The newspaper was fact-checking something I said to commentator Vicki McKenna on WIBA-AM in Madison recently (the part in question starts at about 29:00). Vicki was outraged that about two-thirds of federal spending is on autopilot – “permanently” appropriated, to use the exact word that is used when talking about federal spending.

She was right to be outraged: All that Congress debates annually is about a third of federal spending, the part called “discretionary” – programs for which Congress must spend – or “appropriate” – specific sums each year. These are thousands of federal programs, from the defense budget to NASA to the maintenance bill at federal courthouses. It totaled about $1,170,000,000,000 – that’s 1.2 trillion – in fiscal year 2014, which ended Sept. 30.

Congress doesn’t appropriate money annually for the other two thirds of the budget – both the interest it owes, about $230 billion last year, and so-called “mandatory” spending, about $2,110,000,000,000, or $2.1 trillion. Mandatory spending is mostly payments the government has promised to any individuals who qualify. Examples are Social Security, Medicare, Medicaid, food stamps, veterans benefits, aid for the poor – you can see the breakdown from the Congressional Budget Office here, on page 12. These are among the largest programs in the federal budget. Past Congresses set them up, one by one, and those laws generally give those programs access to however much money it takes. As the nonpartisan Congressional Research Service puts it (emphasis added):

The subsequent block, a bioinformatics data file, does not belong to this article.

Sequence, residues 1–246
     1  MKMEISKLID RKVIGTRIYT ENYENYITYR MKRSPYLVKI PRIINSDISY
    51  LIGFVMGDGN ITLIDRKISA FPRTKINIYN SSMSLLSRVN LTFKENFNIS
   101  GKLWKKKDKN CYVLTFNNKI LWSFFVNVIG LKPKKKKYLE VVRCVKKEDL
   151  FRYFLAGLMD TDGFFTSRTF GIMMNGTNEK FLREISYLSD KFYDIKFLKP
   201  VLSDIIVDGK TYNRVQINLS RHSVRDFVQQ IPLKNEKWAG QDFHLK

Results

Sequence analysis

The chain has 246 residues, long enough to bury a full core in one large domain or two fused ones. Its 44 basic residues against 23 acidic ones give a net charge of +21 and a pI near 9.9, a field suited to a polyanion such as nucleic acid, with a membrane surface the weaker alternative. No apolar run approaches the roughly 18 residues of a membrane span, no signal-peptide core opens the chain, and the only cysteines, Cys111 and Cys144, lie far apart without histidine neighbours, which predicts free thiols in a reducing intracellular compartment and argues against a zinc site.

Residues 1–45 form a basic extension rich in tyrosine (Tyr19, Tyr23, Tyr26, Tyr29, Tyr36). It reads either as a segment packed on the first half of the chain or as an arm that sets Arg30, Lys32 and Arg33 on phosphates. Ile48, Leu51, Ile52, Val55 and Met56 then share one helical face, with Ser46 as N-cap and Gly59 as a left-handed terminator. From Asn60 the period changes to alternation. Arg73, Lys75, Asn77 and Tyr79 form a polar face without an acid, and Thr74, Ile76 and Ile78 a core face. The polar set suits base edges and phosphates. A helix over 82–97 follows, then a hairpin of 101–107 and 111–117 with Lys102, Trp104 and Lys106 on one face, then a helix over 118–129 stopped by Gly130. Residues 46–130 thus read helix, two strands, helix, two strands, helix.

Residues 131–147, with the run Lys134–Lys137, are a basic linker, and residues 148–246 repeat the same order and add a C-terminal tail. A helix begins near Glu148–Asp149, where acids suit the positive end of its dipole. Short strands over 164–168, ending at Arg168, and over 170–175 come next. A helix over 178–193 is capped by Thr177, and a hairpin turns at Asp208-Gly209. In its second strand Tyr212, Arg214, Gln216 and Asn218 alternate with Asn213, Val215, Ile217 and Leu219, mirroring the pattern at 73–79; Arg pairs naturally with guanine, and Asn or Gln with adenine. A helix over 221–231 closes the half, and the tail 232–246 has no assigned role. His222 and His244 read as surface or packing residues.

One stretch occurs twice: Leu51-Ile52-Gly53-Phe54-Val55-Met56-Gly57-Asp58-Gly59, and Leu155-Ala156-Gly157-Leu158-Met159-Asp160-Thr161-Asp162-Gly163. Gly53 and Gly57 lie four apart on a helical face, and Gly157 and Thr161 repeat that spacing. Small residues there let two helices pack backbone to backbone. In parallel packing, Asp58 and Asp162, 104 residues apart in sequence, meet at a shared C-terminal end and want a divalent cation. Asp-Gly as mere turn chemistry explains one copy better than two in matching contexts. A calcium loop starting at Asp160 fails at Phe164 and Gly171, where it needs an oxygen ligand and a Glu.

Mandatory spending is controlled by laws other than appropriations acts. Such laws generally take the form of authorizing legislation. Authorizing legislation establishes or continues the operation of a federal program or agency, either indefinitely or for a specified period. Mandatory spending typically is provided in permanent or multi-year appropriations contained in the authorizing law, and therefore, the funding becomes available automatically each year, without further legislative action by Congress. In most cases, the authorizing law requires payment, based on a benefit formula, to an individual or entity (e.g., a state) if eligibility criteria are met.”

PolitiFact nitpicked about whether mandatory programs are really permanent – Congress can change the law. That’s true, as far as it goes. Starting in January, when the Republican Senate majority that voters chose in November at last is sworn in, it will be possible. But as you remember from civics class, bills don’t become law until the president signs them. So until President Obama starts taking seriously the unsustainable size and scope of the federal government, or until voters replace him with a president who will, the programs that make up two-thirds of federal spending really are permanently in place.

This is how we got to the point that our government is $18,000,000,000,000 (that's $18 trillion!!!) in debt. If Congress doesn’t vote on two-thirds of federal spending, it won’t prioritize it. The share of the budget that Congress doesn’t vote on annually has been growing and is due to keep growing:

This means that the representatives the people send to Washington will have ever less control over the money the government takes from the productive economy. Americans themselves will have diminishing control over their government, which will increasingly be an automated mechanism for taking money from some Americans and giving it to others – or rewarding politically powerful groups of recipients at the expense of our children and grandchildren, who will be stuck with still more debt.

This is no way to run a country or control spending. When Republicans are in majority at last in both houses of Congress, we must do what Democrats have refused to do – set a budget, then prioritize spending through a series of appropriations bills. Then we must begin reforming how Congress spends money. We need the president, and the people who will choose the next president, to understand the problem and work with us.

That starts with understanding that it is absolutely, entirely true that two-thirds of the federal budget is now outside of Congress’ annual control.